R.H.: I would term the Republic a “blessing in disguise” or “an unfinished symphony.” It was unable to reach its coveted goal of “Azat, Ankakh, Miatsial Hayastan,” and many of its initiatives remained in their early stages—interrupted by the interlude of the Soviet years. Yet, with all its shortcomings, the Republic had put Armenia on the map and became a symbol for generations in the Diaspora, which preserved the ideal of an independent Armenian homeland. It was not the desired homeland of the Armenian revolutionary movement, and ironically Soviet Armenia was left with only half the territory of the Republic, but it remained a magnet for the Armenian people and the hope of one day realizing their dreams.

Hovannisian’s The Republic of Armenia. Volumes I – IV (Photo: booksofasia.com)

A.W.: What are some parallels we can draw between the First Republic and the present Republic of Armenia?

R.H.: There are many parallels, such as being a landlocked, blockaded country, economic dislocation and collapse, continuous tension and sometimes bloodshed along the borders, inability to guarantee all citizens a minimum standard of living, and the complex issue of relations with a vital Diaspora.

But there are also differences. The post-Soviet Republic has endured more than a quarter of a century, it has been admitted into the international community of nations and many agencies, and from the outset it inherited an advanced infrastructure, which was lacking in the First Republic. Yet, while the latter small state began with absolutely no resources, within two years it had started to gradual upward spiral, whereas the current Republic started from a rather elevated position, structurally, economically, and socially, but quickly descended into a dark abyss before starting a slow recovery—unfortunately having already lost a significant part of its population to emigration.

As for the leadership of the First Republic, the ministers may not have been very experienced in governance and perhaps made some questionable decisions, but their absolute dedication leaves no room for doubt. They lived and died with the people, and to my knowledge not a single one attempted to enrich himself through a position of privilege or power. It was a highly idealistic, visionary generation, the likes of which may not be seen again.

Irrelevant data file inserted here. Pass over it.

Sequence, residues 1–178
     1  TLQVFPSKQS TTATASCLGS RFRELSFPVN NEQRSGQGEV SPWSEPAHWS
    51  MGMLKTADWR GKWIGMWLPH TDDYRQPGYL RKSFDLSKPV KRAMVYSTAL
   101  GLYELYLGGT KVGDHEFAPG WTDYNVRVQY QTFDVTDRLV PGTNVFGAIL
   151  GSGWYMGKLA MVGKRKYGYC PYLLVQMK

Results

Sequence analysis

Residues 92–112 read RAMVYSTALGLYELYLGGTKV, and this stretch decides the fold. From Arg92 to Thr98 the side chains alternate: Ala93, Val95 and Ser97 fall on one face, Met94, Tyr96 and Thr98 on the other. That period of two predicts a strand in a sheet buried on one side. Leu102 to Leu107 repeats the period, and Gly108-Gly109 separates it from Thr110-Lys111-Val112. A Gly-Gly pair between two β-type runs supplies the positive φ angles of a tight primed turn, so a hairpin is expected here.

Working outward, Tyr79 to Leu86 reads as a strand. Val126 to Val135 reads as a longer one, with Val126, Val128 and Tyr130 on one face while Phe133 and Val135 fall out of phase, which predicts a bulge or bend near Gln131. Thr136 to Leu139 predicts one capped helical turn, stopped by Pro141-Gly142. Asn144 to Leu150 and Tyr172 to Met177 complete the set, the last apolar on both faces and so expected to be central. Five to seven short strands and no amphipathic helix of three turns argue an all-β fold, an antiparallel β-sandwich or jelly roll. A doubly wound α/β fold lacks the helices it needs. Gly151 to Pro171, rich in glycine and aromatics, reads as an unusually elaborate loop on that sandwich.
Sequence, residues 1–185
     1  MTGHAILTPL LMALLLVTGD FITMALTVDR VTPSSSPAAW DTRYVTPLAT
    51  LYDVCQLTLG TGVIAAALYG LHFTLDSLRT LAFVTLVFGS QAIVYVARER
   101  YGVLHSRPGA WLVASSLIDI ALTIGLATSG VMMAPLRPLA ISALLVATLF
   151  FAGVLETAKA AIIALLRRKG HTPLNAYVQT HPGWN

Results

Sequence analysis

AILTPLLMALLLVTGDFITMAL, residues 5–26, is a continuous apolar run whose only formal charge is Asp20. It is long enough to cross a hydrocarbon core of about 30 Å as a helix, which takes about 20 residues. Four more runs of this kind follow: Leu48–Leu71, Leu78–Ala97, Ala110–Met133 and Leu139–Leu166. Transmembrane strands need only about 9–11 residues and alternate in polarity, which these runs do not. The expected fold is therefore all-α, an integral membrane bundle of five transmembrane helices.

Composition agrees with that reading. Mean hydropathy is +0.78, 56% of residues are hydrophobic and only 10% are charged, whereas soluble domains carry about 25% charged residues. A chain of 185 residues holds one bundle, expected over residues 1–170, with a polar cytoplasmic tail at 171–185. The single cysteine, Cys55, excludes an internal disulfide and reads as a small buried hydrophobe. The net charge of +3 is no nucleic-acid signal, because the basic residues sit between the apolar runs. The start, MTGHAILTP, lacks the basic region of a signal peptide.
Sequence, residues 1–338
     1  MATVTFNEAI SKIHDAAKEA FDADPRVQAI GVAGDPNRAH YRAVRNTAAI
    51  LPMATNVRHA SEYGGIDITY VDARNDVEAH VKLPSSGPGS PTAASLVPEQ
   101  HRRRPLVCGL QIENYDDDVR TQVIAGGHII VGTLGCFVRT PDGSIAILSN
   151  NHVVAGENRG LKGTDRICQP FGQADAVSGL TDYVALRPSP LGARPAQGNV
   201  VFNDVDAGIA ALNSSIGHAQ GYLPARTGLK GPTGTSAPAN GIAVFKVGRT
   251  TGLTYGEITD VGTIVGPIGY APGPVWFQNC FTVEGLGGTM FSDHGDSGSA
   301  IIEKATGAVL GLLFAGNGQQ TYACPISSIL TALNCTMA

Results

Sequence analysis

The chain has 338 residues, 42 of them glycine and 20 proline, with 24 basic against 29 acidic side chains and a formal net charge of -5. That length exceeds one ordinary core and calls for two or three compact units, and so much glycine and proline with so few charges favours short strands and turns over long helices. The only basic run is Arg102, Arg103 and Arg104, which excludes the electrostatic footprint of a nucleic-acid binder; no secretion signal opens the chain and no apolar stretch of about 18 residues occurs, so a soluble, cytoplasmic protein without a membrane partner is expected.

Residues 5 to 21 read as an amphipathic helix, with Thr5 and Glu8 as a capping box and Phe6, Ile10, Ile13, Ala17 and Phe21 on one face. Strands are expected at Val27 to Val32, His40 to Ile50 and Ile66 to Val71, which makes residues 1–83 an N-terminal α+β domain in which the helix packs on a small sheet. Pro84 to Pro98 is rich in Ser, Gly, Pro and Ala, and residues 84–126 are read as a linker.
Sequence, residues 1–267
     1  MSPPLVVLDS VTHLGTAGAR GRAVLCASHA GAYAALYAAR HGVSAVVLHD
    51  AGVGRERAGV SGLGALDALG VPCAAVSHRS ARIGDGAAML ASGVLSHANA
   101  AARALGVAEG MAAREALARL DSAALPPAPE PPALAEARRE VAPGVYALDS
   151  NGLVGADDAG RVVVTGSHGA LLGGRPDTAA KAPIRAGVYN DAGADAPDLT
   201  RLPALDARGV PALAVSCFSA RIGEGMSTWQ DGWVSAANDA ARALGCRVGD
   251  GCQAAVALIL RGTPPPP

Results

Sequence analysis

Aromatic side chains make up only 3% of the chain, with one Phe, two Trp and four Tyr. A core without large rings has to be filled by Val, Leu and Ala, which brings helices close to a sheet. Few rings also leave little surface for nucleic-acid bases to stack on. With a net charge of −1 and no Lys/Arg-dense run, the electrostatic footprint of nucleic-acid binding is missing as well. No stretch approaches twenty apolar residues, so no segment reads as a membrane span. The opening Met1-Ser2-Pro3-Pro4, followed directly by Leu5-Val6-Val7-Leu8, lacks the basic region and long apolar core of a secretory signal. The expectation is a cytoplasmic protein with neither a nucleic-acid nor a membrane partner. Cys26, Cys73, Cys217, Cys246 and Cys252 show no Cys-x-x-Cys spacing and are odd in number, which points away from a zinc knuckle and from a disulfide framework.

Hopefully, the current and future leadership of the Republic of Armenia will both embrace the admirable visionary attributes of that past generation and find the road to rational, practical measures to address the many complex challenges that, a hundred years later, have carried over from the original Republic of Armenia.

 

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Varak Ketsemanian

Varak Ketsemanian is a graduate of the American University of Beirut (AUB) and the University of Chicago’s Center for Middle Eastern Studies (2014-2016). His master’s thesis titled “Communities in Conflict: the Hunchakian Revolutionary Party 1890-1894” examines the socio-economic role of violence in shaping inter-communal and ethnic relations by doing a local history of the Armenian Revolutionary Movement in the Ottoman Empire. Ketsemanian’s work tackles problems such as the development and polarization of mainstream historiographies, inter-communal stratifications, nationalism, and the relationship of the Ottoman State with some of its Anatolian provinces. He is currently completing a PhD at Princeton University, where his doctoral dissertation will focus on the social history of the National Constitution of Ottoman Armenians in 1863, and the communal dynamics/mechanisms that it created on imperial, communal, and provincial levels. Ketsemanian’s research relates to the development of different forms of nationalism in the 19th and 20th centuries, revolutionary violence, and constitutional movements.
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Rupen Janbazian

Rupen Janbazian is the editor of the Armenian Weekly. His writings primarily focus on politics, human rights, community, literature, and Armenian culture. He has reported from Armenia, Artsakh (Nagorno-Karabagh Republic/NKR), Turkey, Canada, the United States, and Western Armenia. He has served on the local and national executives of the Armenian Youth Federation (AYF) of Canada and Hamazkayin Toronto, and served as the administrator of the Armenian National Committee (ANC) of Toronto. Janbazian also taught Armenian History and Creative Writing at the ARS Armenian Private School of Toronto, and has worked on several translations.